Putting up an apartment business nowadays, profitable or not?
The real estate market in key areas in the Philippines has really gone into high gear in the last two years, driving some real estate experts to predict that the country is in for a bubble. Whether that is true or not is a subject for another day. The focus of this article is on the apartment business, meaning rentals, and whether it is profitable or not.
There are many ways to consider this issue. Renting out apartments is generally passive income, meaning that the owner does not have an active part to play outside of advertising, vetting applicants, collecting rent, and maintaining common areas (in case of an apartment building) and the unit/s. This makes it attractive for retirees and OFWs looking to invest, and for property owners looking to putting their property to good use. In either case, there is a capital investment though in varying degrees. However, many factors affect the return on investment for an apartment business in the Philippines. The main consideration is the rental rate vis-à-vis costs.
The rental rate for a 2-bedroom apartment in Quezon City will not be the same as that in Angono, Rizal. While the costs of buying said apartment will also be directly proportional, all other costs i.e. government permits, taxes, insurance, property management will be more or less the same for the two locations.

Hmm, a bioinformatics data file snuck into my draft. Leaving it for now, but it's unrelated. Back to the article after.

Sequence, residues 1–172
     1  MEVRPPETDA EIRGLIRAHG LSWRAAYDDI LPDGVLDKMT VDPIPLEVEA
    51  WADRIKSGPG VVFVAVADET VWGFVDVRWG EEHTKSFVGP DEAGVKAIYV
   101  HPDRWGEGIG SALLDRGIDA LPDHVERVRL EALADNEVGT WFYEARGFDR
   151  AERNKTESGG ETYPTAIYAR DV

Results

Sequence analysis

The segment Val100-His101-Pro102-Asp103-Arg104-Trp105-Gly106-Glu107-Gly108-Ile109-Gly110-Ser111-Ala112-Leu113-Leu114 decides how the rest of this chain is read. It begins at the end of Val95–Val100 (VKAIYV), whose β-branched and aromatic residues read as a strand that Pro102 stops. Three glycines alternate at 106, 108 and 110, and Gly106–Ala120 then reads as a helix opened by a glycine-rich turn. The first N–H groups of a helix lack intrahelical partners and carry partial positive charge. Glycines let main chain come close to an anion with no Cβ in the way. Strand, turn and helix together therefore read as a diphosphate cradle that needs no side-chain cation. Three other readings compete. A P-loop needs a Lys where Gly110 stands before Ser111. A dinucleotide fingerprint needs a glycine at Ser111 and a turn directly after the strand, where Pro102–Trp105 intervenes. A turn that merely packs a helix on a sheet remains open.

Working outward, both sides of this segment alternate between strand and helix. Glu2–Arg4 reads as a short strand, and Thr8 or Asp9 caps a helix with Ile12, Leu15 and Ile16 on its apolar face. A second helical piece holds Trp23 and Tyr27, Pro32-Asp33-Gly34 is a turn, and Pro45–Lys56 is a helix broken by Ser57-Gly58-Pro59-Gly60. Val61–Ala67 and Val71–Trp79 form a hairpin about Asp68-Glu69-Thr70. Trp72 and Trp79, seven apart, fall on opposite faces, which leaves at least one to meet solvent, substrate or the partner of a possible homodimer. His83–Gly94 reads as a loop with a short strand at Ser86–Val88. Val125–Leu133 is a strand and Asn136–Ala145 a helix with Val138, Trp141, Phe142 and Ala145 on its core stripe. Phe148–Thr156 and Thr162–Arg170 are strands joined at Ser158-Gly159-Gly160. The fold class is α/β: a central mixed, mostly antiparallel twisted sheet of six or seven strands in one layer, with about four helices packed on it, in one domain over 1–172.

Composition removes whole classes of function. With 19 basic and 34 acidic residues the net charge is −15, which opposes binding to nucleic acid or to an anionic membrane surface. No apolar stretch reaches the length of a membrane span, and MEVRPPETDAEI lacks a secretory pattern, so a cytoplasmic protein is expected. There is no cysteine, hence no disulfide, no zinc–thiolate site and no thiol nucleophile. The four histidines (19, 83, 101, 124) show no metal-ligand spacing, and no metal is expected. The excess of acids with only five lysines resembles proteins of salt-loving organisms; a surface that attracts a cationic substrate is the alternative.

Hand-in-hand with the location is the market. Most people will look for an apartment because it is close to work, school, public transportation (such as the MRT), and malls. The nearer it is to one or all of these, the more willing the renter is to pay a premium. If you have an apartment unit in front of Ateneo, for instance, you can get a higher rent from a student studying in Ateneo than if you are in Project 4 for the same size and type of unit. Again, the running costs will be the same for both.
Type of lease
The rental rate will depend on whether you have a long- or short-term lease. Long-term leases are lower but they are more regular and have lower running costs. Short-term leases are much higher but you pay for all utilities, and you need to invest in furnishing and other amenities not necessary for long-term leases. It also involves active involvement on the owner’s part in terms of advertising, vetting, turnover, and maintenance. There is also more vacancy, although the higher rates can offset the difference. Location will also have an impact on rates. If your apartment is in Baguio or Tagaytay, for example, you will probably have a great demand on weekends and during summer vacation, while demand is more even but less intense from transients for an apartment in Makati.
Overall, the apartment business in the Philippines is a profitable one if you know what you are doing. It is relatively easy to make some money if you research the going rates, the demand, and the projected development in the target area. Do the math before you do anything else.
Lastly, learn from the mistakes of others. Get advice from people who have been there, done that. You can find many online forums on the topic. Read, ask questions, and take heed.